Starring: Snoop Dog, Daniella Alonso, Anson Mount, Ernie Hudson, Danny Trejo, Brande Roderick, Pooch Hall, Aries Spears, Sydney Tamiia Poitier, Lyn Shaye, Dallas Page, Noel Gugliemi and Billy Dee Williams
Director: Stacy Title
Rating: Six of Ten Stars
"Snoop Dog's Hood of Horror" is an anthology film in the vein of the classic anthology comic books like "House of Mystery" or "Tales from the Crypt" and great anthology films like "From Beyond the Grave", with an equal amounts horror, humor and irony mixed together in chilling tales of poetic justice. The tales featured in this movie are a breed apart from the aforementioned anthologies (and the dozens of others I could mention) by setting the tales in an inner city neighborhood and infusing the film with a gangster rap/hip-hop sort of feel, with all the pimps, hoes, taggers, and gangbangers that implies.
While this is a movie that's directed primarily at fans of Snoop Dogg and the musical style/culture he promotes, it's a film that lovers of lighthearted horror films can also enjoy. While the film is profane and violent, and the stories predictable, at least they're stories. Too many horror films these days lack real stories but are just excuses to string together scenes of violence--and mostly pointless violence at that. While the violence we get in "Hood of Horror" is very gory, it serves a purpose beyond simply grossing out the viewer... something which can't be said for the violence and gore in any of the "Saw" films or even the more recent "The Ruins". Hiphop/gangster rap fan or not, if you like horror films with style and content beyond splatter, I think you'll find something to like here.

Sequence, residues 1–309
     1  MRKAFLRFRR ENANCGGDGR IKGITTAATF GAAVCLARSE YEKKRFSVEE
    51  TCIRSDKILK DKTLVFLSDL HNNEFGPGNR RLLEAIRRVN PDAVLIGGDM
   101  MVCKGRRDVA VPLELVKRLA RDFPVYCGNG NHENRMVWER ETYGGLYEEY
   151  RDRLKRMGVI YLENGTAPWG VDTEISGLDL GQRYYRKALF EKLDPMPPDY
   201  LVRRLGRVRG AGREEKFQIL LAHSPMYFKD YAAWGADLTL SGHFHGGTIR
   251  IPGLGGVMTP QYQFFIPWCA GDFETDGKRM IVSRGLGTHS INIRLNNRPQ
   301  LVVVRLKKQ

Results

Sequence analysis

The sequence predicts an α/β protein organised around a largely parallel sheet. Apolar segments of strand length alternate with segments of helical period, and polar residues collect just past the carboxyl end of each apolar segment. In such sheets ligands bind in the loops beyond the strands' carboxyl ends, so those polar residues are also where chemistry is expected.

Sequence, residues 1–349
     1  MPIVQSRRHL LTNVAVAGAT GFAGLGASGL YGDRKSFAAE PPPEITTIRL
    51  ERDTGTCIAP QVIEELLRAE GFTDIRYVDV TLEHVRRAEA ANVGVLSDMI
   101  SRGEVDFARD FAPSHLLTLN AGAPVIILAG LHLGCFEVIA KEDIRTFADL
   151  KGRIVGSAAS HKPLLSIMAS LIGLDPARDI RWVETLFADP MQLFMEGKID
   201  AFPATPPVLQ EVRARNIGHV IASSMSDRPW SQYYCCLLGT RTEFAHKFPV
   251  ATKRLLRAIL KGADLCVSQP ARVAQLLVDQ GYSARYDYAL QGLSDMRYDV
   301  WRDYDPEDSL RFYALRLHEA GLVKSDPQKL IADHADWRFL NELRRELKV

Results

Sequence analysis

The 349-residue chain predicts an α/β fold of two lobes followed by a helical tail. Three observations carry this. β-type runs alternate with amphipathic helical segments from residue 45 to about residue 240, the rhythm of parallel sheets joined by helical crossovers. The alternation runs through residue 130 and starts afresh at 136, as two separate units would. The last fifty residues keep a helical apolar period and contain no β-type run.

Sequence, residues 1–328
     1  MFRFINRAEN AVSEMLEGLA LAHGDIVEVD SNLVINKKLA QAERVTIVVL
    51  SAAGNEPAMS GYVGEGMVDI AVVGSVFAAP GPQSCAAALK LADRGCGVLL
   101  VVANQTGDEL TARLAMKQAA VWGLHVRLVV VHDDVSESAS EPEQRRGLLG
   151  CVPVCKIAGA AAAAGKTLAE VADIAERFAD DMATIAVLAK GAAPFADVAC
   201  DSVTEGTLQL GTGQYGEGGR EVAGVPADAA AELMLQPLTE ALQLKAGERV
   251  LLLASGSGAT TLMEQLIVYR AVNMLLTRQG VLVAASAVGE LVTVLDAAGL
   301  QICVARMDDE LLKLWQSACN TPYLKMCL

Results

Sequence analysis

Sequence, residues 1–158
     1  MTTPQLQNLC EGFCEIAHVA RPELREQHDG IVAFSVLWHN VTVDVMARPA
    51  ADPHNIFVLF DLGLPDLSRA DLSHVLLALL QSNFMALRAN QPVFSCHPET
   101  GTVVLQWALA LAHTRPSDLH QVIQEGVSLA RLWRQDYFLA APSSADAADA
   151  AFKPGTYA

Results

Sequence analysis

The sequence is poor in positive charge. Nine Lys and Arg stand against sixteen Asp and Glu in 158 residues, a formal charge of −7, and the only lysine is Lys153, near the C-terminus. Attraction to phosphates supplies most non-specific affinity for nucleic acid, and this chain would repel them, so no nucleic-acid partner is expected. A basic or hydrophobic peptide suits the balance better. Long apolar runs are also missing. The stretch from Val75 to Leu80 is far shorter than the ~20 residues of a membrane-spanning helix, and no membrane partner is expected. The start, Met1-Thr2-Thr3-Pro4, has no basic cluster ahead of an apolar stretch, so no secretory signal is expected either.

The film starts out with an animated sequence that explains how Snoop Dogg came to wear the mantle of the Hound of Hell, an inner-city demon who collects the souls of those who die after rejecting opportunities to change their evil ways, and sends them to Hell. These animated sequences form the "wrap-around" story for the film, phasing in and out with live action sequences of Snoop Dog interacting with the characters of the main stories, usually as the story begins or ends. Snoop Dog's Hound of Hell is both an observer and a participant in the tales, serving sometimes as a catalyst for the events, sometimes as a facilitator, but always ultimately dishing out final punishment
The first tale of doomed homies, "Crossed Out", focuses on Posie (Alonso), a troubled young grafitti artist and tagger who is given an opportunity to bring beauty and joy to the neighborhood through opportunities offered her by a local pastor (Williams) and a mysterious tattoo artist (Trejo). Instead of creating art, however, she chooses to use mystical powers she finds herself with to kill gangbangers who have tormented her. This is the goriest of the three tales, but the deaths are all hilarious. It's also the story with the most profound message.
Next up, we have "The Scumlord", the tale of a king-sized asshole of a Texan (Mount) who comes to the Hood of Horror with his even more obnoxious Paris Hilton-clone girlfriend (Roderick). He is his father's sole heir, but before he can collect, the will insists he must spend a year living with his father's old Army buddies, whom the father had provided with a home in retirement. Instead of trying to learn from the old warriors and co-exist with them, he engages in a campaign of humiliation and terror to drive them out of the home. This is the weakest of the three, as the villainous characters are so extreme they cross from being satirical into just stupid.
Finally, we have "Rhapsody Askew" where Sod (Hall), a wanna-be rapper, finds his prayers answered when a chance encounter with a talented musician (Spears) leads to a partnership that catapults both to stardom. But when Sod betrays not only his artistic partner but a promise he made to God, he discovers the price of not "keeping it real." With echoes of real-world music industry politics, gangster rap violence and conspiracy theories, and an ambiguous character who might be an angel who's come to Earth to revoke Sod's contract with God (Shaye) and a performance by Spears that's both funny and creepy, it's a surprisingly thought-provoking piece for the film to go out on.
"Snoop Dogg's Hood of Horror" is a neat little anthology flick that has a little bit of something for everyone, except maybe those who break out in hives at the mention of rap music, or those who think Torture Porn is the height of horror film evolution. It's not groundbreaking, but it is fun.